They're demanding articles to be corrected
UCR takes higher education platform Scienceguide to court
In September, Scienceguide published an article in response to a research report by the Government Audit Service (Dutch acronym: ADR) that the Ministry of Education had commissioned. The investigation was set up to find out who is financially responsible for University College Roosevelt (UCR). Suppose UCR could not keep its head above water, who would be financially responsible for it? UCR’s educational accreditation is done through Utrecht University and its main donors are the Ministry of Education and the province of Zeeland.
The report concludes that this responsibility is not properly regulated, adding that the number of UCR students declined during Covid, leading the university college to struggle to stay afloat. In the report, ADR mentions several times that bankruptcy is possible for UCR. Scienceguide's headline states, however, that UCR's bankruptcy was imminent. Additionally, Scienceguide says that, according to the Education Inspectorate, Utrecht University is ultimately responsible for UCR's finances, which UU denies.
After Scienceguide's article was published online, UCR indicated that the story was incorrect. Although the number of students did drop during the pandemic, the university college was never in danger. Moreover, its student numbers are rising again. UCR accuses Scienceguide of not having conducted a proper rebuttal, noting that the suggestion of imminent bankruptcy can be harmful to the institution, discouraging students from applying to UCR.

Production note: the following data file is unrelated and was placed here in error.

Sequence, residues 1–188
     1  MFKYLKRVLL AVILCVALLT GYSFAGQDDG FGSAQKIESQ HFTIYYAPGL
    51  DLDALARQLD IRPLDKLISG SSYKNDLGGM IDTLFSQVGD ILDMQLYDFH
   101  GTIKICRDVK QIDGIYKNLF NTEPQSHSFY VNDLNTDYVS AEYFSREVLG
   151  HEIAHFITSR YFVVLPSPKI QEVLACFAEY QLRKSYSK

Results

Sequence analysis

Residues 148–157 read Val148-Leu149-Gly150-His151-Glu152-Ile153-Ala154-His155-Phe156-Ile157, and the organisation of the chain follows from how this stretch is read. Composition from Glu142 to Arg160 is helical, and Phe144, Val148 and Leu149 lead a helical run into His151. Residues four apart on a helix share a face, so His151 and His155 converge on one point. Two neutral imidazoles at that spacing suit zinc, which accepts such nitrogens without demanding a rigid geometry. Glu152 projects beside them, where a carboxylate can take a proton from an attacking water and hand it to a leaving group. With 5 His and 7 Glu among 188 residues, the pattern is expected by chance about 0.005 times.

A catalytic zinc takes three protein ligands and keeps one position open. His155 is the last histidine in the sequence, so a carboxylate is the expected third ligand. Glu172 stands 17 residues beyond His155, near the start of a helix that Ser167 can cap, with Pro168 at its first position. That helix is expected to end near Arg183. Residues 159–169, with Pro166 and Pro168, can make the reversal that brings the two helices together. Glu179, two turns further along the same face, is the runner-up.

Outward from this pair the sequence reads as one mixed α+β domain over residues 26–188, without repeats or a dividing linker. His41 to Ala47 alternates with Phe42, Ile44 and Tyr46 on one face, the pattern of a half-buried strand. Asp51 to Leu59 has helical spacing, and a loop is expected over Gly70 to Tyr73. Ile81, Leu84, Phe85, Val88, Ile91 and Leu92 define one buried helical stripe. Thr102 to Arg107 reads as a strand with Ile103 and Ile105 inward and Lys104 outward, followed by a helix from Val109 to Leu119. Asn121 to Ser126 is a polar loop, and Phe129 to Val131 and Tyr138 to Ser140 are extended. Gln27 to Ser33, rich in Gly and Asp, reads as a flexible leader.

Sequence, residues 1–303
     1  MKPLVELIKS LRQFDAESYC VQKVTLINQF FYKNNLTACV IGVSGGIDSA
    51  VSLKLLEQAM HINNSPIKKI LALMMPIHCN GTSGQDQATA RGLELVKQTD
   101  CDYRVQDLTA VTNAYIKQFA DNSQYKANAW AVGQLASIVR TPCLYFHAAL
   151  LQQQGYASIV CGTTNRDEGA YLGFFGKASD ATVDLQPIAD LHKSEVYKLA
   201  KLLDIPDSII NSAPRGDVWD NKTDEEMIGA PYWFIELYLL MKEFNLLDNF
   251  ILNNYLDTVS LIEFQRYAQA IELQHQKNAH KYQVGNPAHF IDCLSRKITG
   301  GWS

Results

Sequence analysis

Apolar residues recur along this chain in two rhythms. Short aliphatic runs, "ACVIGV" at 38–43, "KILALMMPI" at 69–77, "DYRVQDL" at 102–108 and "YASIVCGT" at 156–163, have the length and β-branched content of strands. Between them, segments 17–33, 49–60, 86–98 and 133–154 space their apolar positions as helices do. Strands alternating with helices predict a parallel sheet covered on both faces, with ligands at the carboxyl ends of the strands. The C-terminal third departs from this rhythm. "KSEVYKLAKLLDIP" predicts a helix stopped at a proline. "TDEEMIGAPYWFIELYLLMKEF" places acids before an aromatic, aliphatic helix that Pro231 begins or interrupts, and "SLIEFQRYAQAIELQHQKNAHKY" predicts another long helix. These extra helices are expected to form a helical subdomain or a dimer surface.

Scienceguide and UCR have been in touch a lot these past few months. “Our editors never aim to harm institutions, so we have decided to take the article in question down,” says Scienceguide Editor in Chief Frans van Heest. But Van Heest is not convinced that UCR is right. Although the article now includes a rectification, the editors have serious doubts about its veracity. A request has been submitted for further information on which ADR would base that UCR is not doing well financially. “It is not a coincidence that the word bankruptcy appears five times in this report,” says Van Heest.
According to UCR, Scienceguide is completely on the wrong track and its editors have not fulfilled previous agreements about rectification. The Zeeland-based institution demands the publication correct the article in question and erase all subsequent articles about the topic. In addition, UCR wants Scienguide to delete all references to the topic on social media and ask search engines such as Google and Bing to replace search terms.